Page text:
All you need to know about Common Specifications
The new regulations for medical devices (MDR 2017/745) and in-vitro diagnostics (IVDR 2017/746) state common specifications. Even though this term is not new, the definition has become clear.
Read here about this term and understand how it might impact your medical device or in-vitro diagnostic development.
The provided definition of the term for a common specification is “a set of technical and/or clinical requirements for which no harmonized standard is available or the harmonized standard insufficiently covers the requirements.” With this, the requirements are set in the MDR and IVDR that wherever possible, harmonized standards should be used to claim compliance to teh regulation. However, there might be the case for medical devices where standards insufficently cover specific criteria to show compliance to the MDR or IVDR and in these cases, common specification (CS) fill the gap.
Who establishes the common specifications?
In the MDR and IVDR, it is stated that the commission can assign a group or can establish by itself CS. In the real world, the commission delegated this task to a group of experts, the Medical Device Coordination Group (MDCG), which in fact is demanded in the MDR and IVDR. These experts in the MDCG are representing the member states and holed expertise in medical devices and in-vitro diagnostics. In fact, each member state can send a member per each expert group, i.e. medical device and in-vitro diagnostics, including a substitute. Thus, each member state can bring 4 people into the MDCG. Further, the MDCG can, on a case-by-case basis, bring in external experts and third parties for specific discussions and expert opinions. To sum up, the MDCG elaborates common specifications and the commission accepts and implements these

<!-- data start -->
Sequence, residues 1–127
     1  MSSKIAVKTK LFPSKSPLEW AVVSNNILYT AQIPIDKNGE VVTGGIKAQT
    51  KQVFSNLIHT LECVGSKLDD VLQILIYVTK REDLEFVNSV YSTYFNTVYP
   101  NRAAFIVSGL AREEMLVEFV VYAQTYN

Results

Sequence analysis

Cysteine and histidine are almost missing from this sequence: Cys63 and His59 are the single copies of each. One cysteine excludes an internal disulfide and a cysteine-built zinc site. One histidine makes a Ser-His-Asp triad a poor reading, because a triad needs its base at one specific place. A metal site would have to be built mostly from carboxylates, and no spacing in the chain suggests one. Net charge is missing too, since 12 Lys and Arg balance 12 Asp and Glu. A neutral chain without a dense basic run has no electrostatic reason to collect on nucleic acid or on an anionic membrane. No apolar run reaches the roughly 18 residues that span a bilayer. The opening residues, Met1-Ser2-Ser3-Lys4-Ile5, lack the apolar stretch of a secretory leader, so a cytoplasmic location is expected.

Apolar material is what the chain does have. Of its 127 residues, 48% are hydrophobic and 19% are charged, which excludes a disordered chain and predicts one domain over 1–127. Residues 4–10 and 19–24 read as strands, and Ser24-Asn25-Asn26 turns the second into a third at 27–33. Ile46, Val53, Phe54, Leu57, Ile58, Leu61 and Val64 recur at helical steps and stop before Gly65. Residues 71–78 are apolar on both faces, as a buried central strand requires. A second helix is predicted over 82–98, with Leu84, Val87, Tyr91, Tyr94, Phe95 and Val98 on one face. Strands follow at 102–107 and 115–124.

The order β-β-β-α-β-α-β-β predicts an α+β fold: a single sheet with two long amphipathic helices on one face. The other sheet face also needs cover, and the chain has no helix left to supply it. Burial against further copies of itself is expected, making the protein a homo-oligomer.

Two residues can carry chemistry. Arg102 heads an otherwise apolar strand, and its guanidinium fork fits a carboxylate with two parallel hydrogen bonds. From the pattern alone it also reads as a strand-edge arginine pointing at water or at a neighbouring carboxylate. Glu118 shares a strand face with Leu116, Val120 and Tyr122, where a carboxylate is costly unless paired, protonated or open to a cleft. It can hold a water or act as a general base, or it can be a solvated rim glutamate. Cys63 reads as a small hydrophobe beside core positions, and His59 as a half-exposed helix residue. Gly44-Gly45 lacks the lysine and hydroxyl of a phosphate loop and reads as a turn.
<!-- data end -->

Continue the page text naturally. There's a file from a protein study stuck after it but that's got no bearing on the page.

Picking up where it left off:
Where are common specifications applicable?
- clinical investigation
- clinical evaluation
- technical documentation
Requirements to list common specifications
Common Specifications are to be adhered to unless otherwise proven that the alternative fulfills the safety and effectiveness level, as demanded in article 9 of the MDR and IVDR. With this, CS become very strict and a regulatory requirement with little room for alternatives. These CS might even impact the applied Quality Management System or parts of it, when lacking alternatives. The compliance to CS will be audited by Notified Bodies and during conformity assessments.